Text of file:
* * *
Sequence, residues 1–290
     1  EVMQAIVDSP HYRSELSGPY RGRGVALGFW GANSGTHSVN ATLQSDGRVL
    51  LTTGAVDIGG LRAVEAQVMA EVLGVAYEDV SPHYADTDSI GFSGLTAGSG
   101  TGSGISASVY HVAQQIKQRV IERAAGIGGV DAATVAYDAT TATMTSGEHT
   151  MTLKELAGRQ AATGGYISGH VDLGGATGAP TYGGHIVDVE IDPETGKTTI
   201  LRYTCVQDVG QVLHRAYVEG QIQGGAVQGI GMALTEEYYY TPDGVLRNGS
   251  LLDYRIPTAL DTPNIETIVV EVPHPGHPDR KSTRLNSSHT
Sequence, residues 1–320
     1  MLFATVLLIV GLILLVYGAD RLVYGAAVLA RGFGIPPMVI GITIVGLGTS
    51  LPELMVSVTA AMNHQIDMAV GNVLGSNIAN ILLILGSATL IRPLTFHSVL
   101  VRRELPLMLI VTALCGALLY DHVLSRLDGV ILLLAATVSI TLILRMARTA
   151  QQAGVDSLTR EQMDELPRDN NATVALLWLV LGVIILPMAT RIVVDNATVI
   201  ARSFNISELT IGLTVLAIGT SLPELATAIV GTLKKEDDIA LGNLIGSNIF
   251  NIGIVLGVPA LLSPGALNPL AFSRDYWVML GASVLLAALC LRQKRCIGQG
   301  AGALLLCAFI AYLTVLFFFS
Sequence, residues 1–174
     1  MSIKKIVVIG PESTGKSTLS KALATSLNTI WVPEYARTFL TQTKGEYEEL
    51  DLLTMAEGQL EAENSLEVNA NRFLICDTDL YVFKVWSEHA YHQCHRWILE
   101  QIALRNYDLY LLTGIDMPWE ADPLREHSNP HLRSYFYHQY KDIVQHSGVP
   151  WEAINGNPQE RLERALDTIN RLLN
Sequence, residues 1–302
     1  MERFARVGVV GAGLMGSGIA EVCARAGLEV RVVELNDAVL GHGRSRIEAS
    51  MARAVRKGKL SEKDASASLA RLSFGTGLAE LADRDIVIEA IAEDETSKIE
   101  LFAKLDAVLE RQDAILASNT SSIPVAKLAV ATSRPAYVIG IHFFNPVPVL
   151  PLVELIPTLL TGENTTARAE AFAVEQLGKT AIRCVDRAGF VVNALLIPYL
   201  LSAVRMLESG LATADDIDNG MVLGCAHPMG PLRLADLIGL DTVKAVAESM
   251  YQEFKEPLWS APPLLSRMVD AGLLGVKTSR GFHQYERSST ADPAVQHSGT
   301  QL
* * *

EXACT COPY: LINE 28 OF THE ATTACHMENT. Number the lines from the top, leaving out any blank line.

   301  QL